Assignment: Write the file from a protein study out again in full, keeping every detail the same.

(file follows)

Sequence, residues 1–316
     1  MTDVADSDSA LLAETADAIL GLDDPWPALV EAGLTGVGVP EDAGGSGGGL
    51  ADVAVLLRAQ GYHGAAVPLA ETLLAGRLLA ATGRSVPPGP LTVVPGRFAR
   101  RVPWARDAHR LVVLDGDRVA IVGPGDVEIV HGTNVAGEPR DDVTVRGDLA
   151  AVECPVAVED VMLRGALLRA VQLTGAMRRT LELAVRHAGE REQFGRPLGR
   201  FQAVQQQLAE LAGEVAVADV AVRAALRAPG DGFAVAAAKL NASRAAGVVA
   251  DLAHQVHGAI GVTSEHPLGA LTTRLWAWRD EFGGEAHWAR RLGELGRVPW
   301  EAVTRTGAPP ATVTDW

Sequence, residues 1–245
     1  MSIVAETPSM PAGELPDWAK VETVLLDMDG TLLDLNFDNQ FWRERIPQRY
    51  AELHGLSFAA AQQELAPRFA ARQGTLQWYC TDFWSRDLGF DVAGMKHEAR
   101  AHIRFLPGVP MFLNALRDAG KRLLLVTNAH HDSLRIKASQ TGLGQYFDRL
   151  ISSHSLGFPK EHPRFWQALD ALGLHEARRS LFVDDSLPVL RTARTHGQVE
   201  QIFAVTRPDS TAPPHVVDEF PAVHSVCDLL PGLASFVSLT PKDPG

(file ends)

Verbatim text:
Sequence, residues 1–316
     1  MTDVADSDSA LLAETADAIL GLDDPWPALV EAGLTGVGVP EDAGGSGGGL
    51  ADVAVLLRAQ GYHGAAVPLA ETLLAGRLLA ATGRSVPPGP LTVVPGRFAR
   101  RVPWARDAHR LVVLDGDRVA IVGPGDVEIV HGTNVAGEPR DDVTVRGDLA
   151  AVECPVAVED VMLRGALLRA VQLTGAMRRT LELAVRHAGE REQFGRPLGR
   201  FQAVQQQLAE LAGEVAVADV AVRAALRAPG DGFAVAAAKL NASRAAGVVA
   251  DLAHQVHGAI GVTSEHPLGA LTTRLWAWRD EFGGEAHWAR RLGELGRVPW
   301  EAVTRTGAPP ATVTDW

Sequence, residues 1–245
     1  MSIVAETPSM PAGELPDWAK VETVLLDMDG TLLDLNFDNQ FWRERIPQRY
    51  AELHGLSFAA AQQELAPRFA ARQGTLQWYC TDFWSRDLGF DVAGMKHEAR
   101  AHIRFLPGVP MFLNALRDAG KRLLLVTNAH HDSLRIKASQ TGLGQYFDRL
   151  ISSHSLGFPK EHPRFWQALD ALGLHEARRS LFVDDSLPVL RTARTHGQVE
   201  QIFAVTRPDS TAPPHVVDEF PAVHSVCDLL PGLASFVSLT PKDPG